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If someone asked me ten years ago what Veterans Day meant to me, my response would have been in stark contrast to what it is today. Throughout most of my life, this yearly observance never signified more to me than a day off and sales at the mall. Since marrying a service member, my perspective has changed, and for the first time I see what should have been obvious all along: it is a day to honor the men and women who have courageously and with great personal sacrifice served in our armed forces. Unfortunately, I'm not sure all of my fellow Americans mirror that sentiment.
Blue Star Families Communication Director Stephanie Himel-Nelson writes:
In a survey recently released by Blue Star Families, 92 percent of military family respondents indicated that they felt the general public doesn't truly understand or appreciate the sacrifices made by service members and their families. Anecdotally, we know that this feeling can be particularly acute around Veterans Day and leading into the holiday season, especially for families with a deployed service member. It's wonderful to see an outpouring of support for the military and veterans, but it can also be frustrating for military families if this support becomes insincere or mere lip service.
I repeatedly experienced this frustration during my husband's deployments through conversations I shared with non-military acquaintances. These conversations typically began as benign inquiries into my husband's well-being, but then progressed into a barrage of questions that left me defending my husband and his commitment to the military. How soon can he retire? Why doesn't he just get out of the military? Doesn't it bother him that he's missing so much of his children's lives? Don't you wish he had a normal job so you can live a normal life? Not only do questions like these show a lack of appreciation for my husband's service to his country, but they also prove a lack of understanding for why service members choose to serve.
A large part of the public's lack of understanding stems from a lack of knowledge. Rachel Porto, a 23-year-old Gold Star Wife whose husband Marine Corporal Jonathan Porto was killed while serving in Operation Enduring Freedom, agrees. "My civilian friends have learned a lot about the military through me and especially through seeing what I have gone through since Jonny died. In my opinion, everyday citizens only see what the media wants to show and quite often that's not enough. As far as the fallen are concerned, we often only see a name, age, and unit. Just a list of numbers. No stories on those who have passed and the futures they were supposed to have." Sadly, most people are unaware of the sacrifices our service members and their families make until those stories go beyond generalized news headlines and become personal.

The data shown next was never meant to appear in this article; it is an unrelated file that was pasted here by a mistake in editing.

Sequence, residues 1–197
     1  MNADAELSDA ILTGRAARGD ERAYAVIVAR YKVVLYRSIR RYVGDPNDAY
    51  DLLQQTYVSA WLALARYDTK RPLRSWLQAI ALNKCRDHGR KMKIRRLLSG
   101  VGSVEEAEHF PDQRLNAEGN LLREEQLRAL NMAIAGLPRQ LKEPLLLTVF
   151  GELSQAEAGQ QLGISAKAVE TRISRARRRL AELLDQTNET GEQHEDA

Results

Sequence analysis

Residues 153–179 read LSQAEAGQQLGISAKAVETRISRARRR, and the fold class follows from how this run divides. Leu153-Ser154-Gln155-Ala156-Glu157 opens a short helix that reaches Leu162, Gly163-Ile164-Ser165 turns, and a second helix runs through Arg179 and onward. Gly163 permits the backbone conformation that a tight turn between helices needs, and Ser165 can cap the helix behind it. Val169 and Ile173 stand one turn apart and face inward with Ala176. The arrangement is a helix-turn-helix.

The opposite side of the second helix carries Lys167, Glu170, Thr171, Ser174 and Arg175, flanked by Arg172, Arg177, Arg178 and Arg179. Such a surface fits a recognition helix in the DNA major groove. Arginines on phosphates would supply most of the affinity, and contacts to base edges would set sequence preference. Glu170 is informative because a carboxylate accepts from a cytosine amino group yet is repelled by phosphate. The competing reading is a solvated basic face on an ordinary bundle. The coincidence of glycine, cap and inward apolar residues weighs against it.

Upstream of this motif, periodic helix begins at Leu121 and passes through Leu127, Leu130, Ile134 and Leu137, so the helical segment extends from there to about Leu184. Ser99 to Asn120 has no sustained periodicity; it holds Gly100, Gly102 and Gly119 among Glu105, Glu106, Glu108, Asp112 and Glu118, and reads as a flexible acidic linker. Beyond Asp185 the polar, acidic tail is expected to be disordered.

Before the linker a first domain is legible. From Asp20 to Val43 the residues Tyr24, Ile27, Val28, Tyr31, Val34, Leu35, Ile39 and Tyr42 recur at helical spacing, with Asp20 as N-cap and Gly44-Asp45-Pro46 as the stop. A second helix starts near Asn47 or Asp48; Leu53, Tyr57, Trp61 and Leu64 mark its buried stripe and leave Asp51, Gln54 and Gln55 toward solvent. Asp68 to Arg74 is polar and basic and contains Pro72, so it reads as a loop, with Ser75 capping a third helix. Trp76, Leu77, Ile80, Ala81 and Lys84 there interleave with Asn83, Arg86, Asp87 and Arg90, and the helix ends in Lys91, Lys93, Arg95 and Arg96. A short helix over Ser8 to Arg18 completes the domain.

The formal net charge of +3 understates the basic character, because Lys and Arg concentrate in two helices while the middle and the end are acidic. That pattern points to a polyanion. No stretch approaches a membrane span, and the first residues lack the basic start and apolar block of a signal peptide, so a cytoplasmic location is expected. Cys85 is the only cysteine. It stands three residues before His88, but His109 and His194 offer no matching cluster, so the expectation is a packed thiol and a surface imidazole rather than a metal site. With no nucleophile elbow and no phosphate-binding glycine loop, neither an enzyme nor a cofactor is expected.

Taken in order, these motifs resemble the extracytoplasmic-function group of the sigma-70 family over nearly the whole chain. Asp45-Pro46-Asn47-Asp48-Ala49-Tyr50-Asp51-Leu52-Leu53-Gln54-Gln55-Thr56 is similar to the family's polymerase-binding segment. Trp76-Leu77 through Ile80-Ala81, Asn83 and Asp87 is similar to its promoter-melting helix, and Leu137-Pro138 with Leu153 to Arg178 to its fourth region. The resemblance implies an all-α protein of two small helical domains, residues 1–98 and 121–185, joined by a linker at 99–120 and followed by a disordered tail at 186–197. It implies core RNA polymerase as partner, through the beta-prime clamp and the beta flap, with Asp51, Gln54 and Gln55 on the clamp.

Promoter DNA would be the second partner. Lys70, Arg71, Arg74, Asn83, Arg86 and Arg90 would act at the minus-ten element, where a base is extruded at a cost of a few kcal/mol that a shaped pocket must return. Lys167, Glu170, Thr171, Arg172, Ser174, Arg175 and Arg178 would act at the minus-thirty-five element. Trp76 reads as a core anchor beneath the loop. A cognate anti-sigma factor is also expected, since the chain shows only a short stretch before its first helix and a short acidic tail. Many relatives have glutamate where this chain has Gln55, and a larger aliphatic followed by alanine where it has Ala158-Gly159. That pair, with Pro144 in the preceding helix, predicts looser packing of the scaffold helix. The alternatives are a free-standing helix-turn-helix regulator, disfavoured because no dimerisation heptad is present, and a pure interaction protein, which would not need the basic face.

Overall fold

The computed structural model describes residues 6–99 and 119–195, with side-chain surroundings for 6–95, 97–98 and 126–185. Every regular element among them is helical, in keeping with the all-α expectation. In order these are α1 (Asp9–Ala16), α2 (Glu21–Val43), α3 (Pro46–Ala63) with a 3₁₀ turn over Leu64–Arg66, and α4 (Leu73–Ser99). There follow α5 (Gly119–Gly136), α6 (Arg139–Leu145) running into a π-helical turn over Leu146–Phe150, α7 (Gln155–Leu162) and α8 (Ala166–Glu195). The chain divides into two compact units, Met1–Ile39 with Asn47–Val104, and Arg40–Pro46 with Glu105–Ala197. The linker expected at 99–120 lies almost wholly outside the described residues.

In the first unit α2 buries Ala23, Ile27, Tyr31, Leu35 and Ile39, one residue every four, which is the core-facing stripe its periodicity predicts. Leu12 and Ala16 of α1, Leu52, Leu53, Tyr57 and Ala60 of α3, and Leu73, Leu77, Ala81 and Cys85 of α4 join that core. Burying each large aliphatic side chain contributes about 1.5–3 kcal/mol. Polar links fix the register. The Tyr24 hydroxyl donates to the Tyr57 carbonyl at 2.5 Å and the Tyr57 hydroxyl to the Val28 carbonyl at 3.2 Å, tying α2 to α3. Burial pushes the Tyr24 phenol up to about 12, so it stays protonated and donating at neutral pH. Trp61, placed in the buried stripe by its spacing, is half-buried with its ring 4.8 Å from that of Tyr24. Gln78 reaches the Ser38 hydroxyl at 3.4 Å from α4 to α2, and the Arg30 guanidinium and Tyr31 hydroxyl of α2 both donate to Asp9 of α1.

Like most service members, my husband doesn't perform his job with the intent of receiving gratitude from others, and he doesn't expect grand gestures of appreciation. In fact, I think the handful of people who thanked him for his service on Veterans Day surprised him because those words are so unexpected and rarely spoken. But these words need to be spoken. And we shouldn't wait until Veterans Day or until we hear stories like Porto's to express that appreciation.
I recall one day several years ago when I met my husband for lunch on base mere days before his first combat deployment. As we polished off our sandwiches, trying not to think about the impending departure date, a man approached us and swiped the bill from our table. "Lunch is on me," he said. "Thank you for your service." It wasn't Veterans Day, and he had no idea my husband was preparing to deploy. He wasn't in the military, and he didn't know us. This man, a total stranger, simply saw a uniformed service member and genuinely wanted to express his gratitude.
Acts like these are what I now think of when someone asks me what Veterans Day means. And I second Porto's advice: "While enjoying time with your family and friends and your time off from work, take a second, even just one, and look at that flag and say, 'Thanks.' It means a lot to those who are currently serving, to those who have served, and to all the families who are silently serving behind our men and women."
Despite grand gestures like parades and speeches, free meals at local restaurants and sales at the mall, sometimes all it takes to make a veteran's day is a simple and sincere thank you.
Freelance writer, teacher, mother of two, and military spouse
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